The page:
Measuring student achievement in drama requires a combination of written and performance-based assessment. On this page, there are a variety of tools (PDF downloads) for use throughout the school year to assess student learning and the effectiveness of instruction. These tools were designed to support the Second Grade Curriculum. Below is a brief description of each tool.
- Frequency Rating Scale: This tool can be used for teacher feedback (to evaluate the effectiveness of lesson delivery) or as a student self-assessment. It might need to be read aloud to the students as they mark the circle they think best describes their work.
- Informal Assessments: This chapter includes five Drama Review worksheets to check student knowledge throughout the second grade year. Each worksheet has a lesson number after which you might distribute the worksheet. Generally, they are recommended for use after the knowledge being assessed has been both taught and reviewed. You may need to read the questions for your students or modify them to meet your students’ needs.
- Getting Started with Drama Rubrics: The rubrics were created to address the basic skills taught in the second grade curriculum. I use selected components of this rubric regularly, both in the classroom and in teacher workshops. You will find a teacher rubric and a sister rubric written in student language. Give students only those parts of the rubric that you cover in a given lesson. You might want to create additional rubrics and a student record sheet for documenting student progress.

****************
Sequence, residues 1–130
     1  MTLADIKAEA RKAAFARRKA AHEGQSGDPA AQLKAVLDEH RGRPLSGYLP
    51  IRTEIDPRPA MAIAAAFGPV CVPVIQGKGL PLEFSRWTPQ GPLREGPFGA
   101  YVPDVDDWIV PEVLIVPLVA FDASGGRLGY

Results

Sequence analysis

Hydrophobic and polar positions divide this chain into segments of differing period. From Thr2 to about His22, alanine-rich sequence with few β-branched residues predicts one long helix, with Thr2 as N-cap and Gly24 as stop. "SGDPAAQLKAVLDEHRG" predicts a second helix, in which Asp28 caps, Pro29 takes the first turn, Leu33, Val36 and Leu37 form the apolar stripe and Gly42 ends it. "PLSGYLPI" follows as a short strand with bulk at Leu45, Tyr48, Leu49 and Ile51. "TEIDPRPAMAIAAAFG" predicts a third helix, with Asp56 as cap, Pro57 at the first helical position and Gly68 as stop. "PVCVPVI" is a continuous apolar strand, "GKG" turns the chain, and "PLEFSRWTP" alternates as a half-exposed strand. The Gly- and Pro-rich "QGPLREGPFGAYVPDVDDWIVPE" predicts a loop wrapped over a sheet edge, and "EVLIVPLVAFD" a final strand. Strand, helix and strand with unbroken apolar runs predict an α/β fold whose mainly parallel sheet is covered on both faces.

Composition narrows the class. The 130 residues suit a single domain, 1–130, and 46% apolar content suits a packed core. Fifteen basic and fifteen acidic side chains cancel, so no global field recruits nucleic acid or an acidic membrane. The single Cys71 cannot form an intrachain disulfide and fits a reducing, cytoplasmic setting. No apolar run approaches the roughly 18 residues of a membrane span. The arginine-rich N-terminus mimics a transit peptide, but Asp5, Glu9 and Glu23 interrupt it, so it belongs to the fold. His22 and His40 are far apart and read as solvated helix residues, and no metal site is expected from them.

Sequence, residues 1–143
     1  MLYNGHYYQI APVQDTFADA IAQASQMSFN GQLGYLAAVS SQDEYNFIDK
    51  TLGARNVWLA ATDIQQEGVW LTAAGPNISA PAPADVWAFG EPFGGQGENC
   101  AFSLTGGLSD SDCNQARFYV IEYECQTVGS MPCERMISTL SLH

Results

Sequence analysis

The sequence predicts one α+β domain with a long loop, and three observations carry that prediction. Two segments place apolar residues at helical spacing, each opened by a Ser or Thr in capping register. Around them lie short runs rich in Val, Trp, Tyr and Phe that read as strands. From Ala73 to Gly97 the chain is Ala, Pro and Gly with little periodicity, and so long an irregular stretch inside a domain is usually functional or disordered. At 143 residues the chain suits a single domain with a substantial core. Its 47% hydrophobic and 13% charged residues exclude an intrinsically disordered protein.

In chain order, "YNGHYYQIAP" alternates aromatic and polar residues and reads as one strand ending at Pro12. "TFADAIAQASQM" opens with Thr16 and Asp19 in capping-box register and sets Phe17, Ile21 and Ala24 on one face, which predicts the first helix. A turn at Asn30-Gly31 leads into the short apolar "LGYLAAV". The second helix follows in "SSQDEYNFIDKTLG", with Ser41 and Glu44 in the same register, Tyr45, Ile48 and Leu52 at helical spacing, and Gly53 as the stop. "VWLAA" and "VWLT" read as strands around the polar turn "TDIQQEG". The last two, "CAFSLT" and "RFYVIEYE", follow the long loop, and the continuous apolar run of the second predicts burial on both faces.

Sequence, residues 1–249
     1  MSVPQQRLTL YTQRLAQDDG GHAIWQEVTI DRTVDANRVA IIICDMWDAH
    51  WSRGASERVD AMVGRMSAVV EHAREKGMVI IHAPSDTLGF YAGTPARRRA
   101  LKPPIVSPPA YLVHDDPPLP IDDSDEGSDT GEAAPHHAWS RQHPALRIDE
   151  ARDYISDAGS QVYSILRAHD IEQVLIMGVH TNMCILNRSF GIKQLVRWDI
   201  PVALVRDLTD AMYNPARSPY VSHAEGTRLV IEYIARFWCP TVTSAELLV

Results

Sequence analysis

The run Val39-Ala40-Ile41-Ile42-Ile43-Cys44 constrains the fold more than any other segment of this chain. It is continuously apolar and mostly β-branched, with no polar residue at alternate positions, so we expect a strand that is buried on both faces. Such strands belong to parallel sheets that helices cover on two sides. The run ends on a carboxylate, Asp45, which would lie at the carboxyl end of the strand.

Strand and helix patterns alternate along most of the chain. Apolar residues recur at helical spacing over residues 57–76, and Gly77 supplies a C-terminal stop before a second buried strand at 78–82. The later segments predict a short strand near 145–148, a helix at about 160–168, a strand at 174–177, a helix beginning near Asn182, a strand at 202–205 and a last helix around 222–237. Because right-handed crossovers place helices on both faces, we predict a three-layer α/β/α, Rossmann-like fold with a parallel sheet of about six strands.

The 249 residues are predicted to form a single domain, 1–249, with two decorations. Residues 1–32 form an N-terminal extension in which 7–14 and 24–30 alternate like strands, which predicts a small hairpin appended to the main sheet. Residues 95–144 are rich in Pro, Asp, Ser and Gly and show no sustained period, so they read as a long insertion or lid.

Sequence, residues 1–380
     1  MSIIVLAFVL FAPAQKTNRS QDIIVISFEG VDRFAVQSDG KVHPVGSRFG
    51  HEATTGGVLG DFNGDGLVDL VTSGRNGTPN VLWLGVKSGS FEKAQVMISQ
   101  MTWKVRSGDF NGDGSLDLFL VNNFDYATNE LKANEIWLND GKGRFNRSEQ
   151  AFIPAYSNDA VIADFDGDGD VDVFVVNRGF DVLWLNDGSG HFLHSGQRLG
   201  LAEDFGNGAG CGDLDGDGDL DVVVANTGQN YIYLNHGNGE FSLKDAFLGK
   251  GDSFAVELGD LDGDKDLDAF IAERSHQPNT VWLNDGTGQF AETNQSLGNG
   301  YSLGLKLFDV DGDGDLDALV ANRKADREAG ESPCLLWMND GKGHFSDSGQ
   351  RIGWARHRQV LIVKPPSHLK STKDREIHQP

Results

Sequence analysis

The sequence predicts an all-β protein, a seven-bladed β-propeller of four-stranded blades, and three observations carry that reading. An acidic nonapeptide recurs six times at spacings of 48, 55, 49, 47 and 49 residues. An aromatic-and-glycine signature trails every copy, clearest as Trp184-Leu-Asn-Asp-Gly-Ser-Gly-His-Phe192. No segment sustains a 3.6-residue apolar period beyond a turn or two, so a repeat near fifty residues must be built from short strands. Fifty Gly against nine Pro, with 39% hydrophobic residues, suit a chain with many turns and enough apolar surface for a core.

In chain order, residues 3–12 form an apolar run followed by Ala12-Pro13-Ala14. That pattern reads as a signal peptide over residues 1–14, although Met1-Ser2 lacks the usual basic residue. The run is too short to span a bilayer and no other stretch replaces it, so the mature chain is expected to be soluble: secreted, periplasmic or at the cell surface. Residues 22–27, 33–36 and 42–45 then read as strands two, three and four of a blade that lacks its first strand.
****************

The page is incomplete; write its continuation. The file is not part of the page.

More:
- Final Drama Assessment: This paper and pencil assessment measures knowledge that students should be able to identify and define by the end of second grade. You may need to read the questions to your students, which is fine. Or you might use this as a guide to create a final assessment most appropriate for the needs of your class.
- Performance Assessment: Of course, in drama it is not enough to measure knowledge and skills with paper and pencil. This sample performance assessment breaks down the process into simple steps and includes detailed instructions for the assessor. The assessment indicators can be measured using the Getting Started with Drama Rubric. Again, you might want to create a record sheet to document student scores. As a final note, the use of a video camera can be very helpful with this type of assessment. It will allow you time to go back to evaluate and score individual student work.